Prior to the 2016 season, prevailing sentiment around baseball was that José Quintana might be the game’s hidden gem. Buried on the perennially middling Chicago White Sox behind an undeniable ace in Chris Sale, Quintana has been consistently good, if also extremely easy to overlook. His repertoire isn’t sexy, mostly a mix of low 90s four-seam fastball, a curve with little depth and a hard changeup that doesn’t generate many swings and misses. A strong 2016 campaign, though actually a slightly down one for Quintana, and a push of enthusiasm has made the lefty slightly better known. While his peripheries have always skewed upwards, he has always had the feel of a Mike Mussina or Andy Pettitte-like number two starter. Certainly nothing to sneeze at, but now that the White Sox have gotten a king’s ransom for Sale and Adam Eaton, Quintana’s name has been in trade talks looking for the same value, leading more fans to learn his name and most to wonder if he’s worth the money.
Over the past three seasons, Quintana has been worth over a 4.5 WAR and in 2013 he was worth 3.5. While pitcher WAR can be finicky, those are extremely impressive numbers. So impressive in fact that they place him in the top 15 in all of baseball from 2014-2016. Going by FIP, Quintana sported a lower number than ERA in both 2014 and 2015, with his ERA being about square with his fielding independent number last season (though slightly higher). In short, the Sox defense is doing him no favors. He’s also been good for 200-plus innings in each of the last four seasons while striking out a respectable 160 or more every time. By those measures, Quintana is worth every penny.
On the flip side, Quintana’s K/BB was a rather pedestrian 7.83 last season and has never risen above 8.00 in his career. His 2.16 BB/9 was good though not great, putting him in the lower half of the top 20 amongst qualified starters last year. Part of why advanced metrics love Quintana is because traditional stats basically hate him. He’s never won more than 13 games in a season; he’s only finished better than .500 in wins twice – last season at 13-12 and in 2013 at 9-7. Neither are specifically pretty numbers. He’s also never finished with less than a 3.20 ERA, which happened last season (not surprisingly the season when he arrived on most people’s radars). Prior to last season, his best ERA was a 3.32 in the offensively anemic 2014 season.
It’s easy to see why Quintana looks like a guy who has been grinding out strong under the radar starts year after year even if by popular measures he is hidden. With a little bit of research, Quintana seems like he may well be worth the price, given that he will at the very least eat innings and be consistent. But here’s the problem: the price is really, really steep. White Sox GM Rick Hahn has been incredible at spinning deals this offseason, but as a result he’s raised his own bar by landing farm system-shifting prospects like Yoan Moncada, Michael Kopech, Lucas Giolito, Reynaldo Lopez and more.
As the guy behind the ace, Quintana is a stud. But as a stud who you just traded two or three top prospects for, he’s the kind of player who may never come close to expectations. Of course, this shouldn’t matter if the quality starts are still rolling in, but it will to fans if Quintana once again has a September where he surrenders more than four earned runs three times in six starts. Some guys are specifically valuable because they are solid and nobody expects anything more from them. The moment we expect more, we risk turning the underrated player into an overrated underrated player.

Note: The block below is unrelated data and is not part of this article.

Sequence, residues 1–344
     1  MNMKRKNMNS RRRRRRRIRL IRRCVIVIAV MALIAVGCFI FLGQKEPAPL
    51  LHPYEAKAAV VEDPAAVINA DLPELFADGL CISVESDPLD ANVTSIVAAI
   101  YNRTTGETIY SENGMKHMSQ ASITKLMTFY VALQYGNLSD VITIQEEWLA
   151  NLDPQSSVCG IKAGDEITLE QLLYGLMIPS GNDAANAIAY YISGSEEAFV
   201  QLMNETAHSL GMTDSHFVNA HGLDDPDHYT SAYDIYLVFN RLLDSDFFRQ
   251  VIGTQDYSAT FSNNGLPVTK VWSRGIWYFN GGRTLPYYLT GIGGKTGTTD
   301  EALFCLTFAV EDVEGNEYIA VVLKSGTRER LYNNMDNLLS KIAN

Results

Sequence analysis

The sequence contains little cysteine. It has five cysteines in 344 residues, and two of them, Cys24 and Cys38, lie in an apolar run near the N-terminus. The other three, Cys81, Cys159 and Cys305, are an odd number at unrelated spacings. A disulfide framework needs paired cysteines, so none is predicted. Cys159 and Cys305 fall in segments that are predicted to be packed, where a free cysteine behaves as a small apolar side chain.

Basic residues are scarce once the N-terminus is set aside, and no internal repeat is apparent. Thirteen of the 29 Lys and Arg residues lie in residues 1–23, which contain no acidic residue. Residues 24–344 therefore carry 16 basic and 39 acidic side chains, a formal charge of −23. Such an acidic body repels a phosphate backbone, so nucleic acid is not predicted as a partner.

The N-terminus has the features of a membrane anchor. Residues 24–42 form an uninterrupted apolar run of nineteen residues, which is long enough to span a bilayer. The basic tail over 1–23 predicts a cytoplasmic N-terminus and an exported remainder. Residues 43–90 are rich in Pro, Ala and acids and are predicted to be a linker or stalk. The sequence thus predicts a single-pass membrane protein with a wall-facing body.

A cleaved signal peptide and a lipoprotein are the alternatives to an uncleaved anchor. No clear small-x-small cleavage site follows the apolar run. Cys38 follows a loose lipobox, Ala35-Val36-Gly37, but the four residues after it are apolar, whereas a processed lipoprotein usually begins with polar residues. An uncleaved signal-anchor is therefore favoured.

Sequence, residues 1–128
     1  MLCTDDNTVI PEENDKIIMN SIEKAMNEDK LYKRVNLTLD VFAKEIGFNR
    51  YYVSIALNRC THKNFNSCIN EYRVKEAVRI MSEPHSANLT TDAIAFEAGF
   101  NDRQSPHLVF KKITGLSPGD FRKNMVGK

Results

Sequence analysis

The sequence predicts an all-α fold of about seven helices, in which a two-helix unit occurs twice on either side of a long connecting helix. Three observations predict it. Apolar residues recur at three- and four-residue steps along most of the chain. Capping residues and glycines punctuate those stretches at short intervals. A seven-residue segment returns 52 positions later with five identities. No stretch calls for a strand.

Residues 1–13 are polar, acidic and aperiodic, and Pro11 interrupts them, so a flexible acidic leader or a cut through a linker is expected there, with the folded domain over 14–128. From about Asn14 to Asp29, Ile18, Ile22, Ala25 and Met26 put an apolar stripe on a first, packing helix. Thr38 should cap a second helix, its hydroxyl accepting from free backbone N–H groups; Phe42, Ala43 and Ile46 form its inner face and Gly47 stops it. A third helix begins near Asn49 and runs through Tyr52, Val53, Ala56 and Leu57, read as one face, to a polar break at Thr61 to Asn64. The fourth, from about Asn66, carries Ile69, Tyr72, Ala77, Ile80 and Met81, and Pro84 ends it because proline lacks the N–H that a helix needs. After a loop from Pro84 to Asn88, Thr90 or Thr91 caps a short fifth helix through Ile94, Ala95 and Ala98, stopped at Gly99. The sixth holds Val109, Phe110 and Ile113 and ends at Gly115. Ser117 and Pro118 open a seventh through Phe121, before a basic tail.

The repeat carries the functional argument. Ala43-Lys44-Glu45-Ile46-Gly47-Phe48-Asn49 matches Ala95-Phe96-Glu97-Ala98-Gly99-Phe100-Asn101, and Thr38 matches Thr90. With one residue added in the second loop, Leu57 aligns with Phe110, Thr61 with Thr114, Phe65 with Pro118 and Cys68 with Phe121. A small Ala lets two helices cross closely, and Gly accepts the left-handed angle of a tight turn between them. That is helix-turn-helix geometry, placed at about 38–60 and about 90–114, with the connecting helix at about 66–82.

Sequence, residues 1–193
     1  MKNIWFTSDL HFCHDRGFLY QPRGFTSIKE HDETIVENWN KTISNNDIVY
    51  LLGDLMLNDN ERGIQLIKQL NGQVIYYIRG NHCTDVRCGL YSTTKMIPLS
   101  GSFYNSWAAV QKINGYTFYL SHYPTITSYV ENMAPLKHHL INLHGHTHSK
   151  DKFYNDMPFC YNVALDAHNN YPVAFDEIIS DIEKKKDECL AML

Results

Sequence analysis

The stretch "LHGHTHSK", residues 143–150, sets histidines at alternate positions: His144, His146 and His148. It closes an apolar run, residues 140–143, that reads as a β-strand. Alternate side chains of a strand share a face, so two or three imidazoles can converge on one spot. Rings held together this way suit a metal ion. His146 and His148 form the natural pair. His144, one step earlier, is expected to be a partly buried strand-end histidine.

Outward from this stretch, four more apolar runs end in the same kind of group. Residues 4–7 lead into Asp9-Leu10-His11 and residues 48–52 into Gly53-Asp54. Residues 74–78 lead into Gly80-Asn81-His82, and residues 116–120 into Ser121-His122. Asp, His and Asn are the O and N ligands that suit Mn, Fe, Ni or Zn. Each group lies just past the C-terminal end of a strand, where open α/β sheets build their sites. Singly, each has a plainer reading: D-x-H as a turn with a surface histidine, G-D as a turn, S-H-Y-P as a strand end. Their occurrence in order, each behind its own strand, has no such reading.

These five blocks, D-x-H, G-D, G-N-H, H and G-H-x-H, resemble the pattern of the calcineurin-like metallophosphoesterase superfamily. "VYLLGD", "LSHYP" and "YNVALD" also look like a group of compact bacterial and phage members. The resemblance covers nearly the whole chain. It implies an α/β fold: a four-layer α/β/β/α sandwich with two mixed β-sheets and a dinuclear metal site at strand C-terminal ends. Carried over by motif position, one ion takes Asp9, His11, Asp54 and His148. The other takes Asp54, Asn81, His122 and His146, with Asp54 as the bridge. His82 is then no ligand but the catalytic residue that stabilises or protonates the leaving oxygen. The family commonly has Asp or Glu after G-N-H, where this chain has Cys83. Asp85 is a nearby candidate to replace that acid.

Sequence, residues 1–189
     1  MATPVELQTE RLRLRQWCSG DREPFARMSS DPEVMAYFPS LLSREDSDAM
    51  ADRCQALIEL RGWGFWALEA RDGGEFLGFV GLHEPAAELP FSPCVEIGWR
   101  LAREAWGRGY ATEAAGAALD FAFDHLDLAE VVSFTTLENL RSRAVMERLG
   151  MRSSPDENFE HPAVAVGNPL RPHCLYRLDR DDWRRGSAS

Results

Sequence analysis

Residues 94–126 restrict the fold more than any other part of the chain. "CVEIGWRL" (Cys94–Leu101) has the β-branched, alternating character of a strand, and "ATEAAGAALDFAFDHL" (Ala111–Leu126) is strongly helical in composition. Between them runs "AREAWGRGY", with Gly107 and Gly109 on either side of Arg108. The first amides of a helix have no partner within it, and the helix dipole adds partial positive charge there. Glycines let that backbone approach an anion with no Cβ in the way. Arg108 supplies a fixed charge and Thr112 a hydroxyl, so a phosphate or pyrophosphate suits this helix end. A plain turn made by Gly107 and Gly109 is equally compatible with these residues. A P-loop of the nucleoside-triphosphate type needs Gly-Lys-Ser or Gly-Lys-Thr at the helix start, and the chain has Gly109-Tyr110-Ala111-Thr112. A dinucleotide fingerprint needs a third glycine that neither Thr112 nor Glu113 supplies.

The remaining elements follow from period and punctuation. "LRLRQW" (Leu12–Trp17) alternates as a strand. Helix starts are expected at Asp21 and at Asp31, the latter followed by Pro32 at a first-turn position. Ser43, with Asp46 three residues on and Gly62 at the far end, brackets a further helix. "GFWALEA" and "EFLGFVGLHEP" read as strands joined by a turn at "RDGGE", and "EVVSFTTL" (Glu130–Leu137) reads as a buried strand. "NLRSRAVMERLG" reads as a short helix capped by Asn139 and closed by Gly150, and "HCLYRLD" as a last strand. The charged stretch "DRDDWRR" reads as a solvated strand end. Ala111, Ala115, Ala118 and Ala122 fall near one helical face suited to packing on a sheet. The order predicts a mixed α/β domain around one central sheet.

Now to digress for a moment.
In 1999, American Beauty went from a relatively obscure socio-political satire by a first time writer and director to juggernaut Academy Awards winner. About as soon as the recipients walked off the awards stage, a backlash started against American Beauty that continues to this day. The film is seen as at best overrated and at worst dangerously misogynistic. With the deluge of bloggers now tracking this sort of thing, we’ve come to see this same trajectory for virtually every Oscar winner. Most winners, in my opinion, becoming “underrated overrated” films. This leads back to Quintana. A pitcher who was for years unquestionably underrated. Sometimes that’s exactly where a player, like a movie, needs to live for them to attain their accurate value in both the hearts and minds of fans. Now that Quintana is a household name, he could become the next American Beauty of baseball. We’ve all seen this before…
One of a few scenarios may happen to Quintana over the next year but exactly none of them will let him fall back into the obscurity that fit both his style and accomplishments:
A) He might get traded to a contender for a huge return, thus keeping everything he does under scrutiny.
B) He might remain the ace of the White Sox, thus keeping everything he does under scrutiny.
C) He will remain dangled as trade bait for as long as possible, thus keeping everything he does under scrutiny.
José Quintana is a good pitcher, there’s no denying that. Even if he’s the worst version of himself, he would probably make the Pirates, the Yankees, the Astros or most other rotations better. He’s not, however, the kind of pitcher who looks great as the ace of a staff, primarily because exactly what makes Quintana great is what makes an ace different. And teams absolutely need guys like Quintana. You might argue they need them even more than they need an ace. But they won’t be paying for a guy like Quintana when they trade for Quintana. Quintana is a number two that Rick Hahn needs to sell as a number one, at the disservice of his true value.
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